‘As beekeepers they wouldn’t dream of disrespecting their bees. “It’s really about trying to get them to accept us,” says Tristan. “To let them know we’re not there to cause harm.” The beekeeper and honey producer says he won’t even wear gloves when handling his bees. “I try not to wear a veil through most of the spring and early summer work,” he says. “It comes back to my philosophy of how I try to teach the bees. I really get a minimal amount of stings from them.’

Of course, Indigenous honey gatherers across the world having been and continue to do their collecting direct from the hive sans gloves, sans veils, sans all, but they don’t make good copy, I guess. I admit I had to put my prejudices about this kind of privileged psychobabble – ‘teach the bees’? please! acclimatise perhaps but I suppose that doesn’t sound so clickbait – to read this article which I found fascinating more for the discussion of leatherwood honey, which I have always been fond of while apparently many are not. And I am sure Tristan and Rebecca Campbell are very nice people whose company (as in human type) I would enjoy. The writer Tim Grey, on the other hand…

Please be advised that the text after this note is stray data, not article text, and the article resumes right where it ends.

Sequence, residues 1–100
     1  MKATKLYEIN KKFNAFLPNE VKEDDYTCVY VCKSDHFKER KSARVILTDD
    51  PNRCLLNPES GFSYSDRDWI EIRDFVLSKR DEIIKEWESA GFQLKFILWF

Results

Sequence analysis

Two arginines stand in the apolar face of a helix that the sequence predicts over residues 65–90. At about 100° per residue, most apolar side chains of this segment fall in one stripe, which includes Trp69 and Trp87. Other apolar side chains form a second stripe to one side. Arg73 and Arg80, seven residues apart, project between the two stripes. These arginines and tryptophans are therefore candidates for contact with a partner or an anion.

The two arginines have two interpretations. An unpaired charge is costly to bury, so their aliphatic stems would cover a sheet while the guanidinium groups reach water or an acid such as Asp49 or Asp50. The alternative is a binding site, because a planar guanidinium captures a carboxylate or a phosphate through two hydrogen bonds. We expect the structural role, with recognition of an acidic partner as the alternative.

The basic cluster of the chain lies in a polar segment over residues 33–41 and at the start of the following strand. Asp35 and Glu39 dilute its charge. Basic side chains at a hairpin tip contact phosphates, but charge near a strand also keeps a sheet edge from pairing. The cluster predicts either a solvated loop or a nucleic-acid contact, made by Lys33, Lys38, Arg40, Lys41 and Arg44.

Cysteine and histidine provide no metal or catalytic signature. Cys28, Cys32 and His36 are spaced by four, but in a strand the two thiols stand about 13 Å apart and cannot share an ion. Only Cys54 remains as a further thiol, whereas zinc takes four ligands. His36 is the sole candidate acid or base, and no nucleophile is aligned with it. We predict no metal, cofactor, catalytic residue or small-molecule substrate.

The Wastefulness of Modern Dining, as Performance Art

‘Like farmers’ markets and organic grocery stores, museums and design conferences tend to attract a narrow slice of the world. Stummerer and Hablesreiter are aware of the limitations of enacting food reform through performance art. Hablesreiter was excited to tell me about a recent event staged in a supermarket in a Vienna suburb. They rearranged the shelves according to how much water was required to manufacture each item, or the distance it had travelled to reach Austrian plates. Shoppers told Hablesreiter that the reordered shelves looked “ugly”—a sign, he hopes, that they’d felt rankled enough to stop and think.’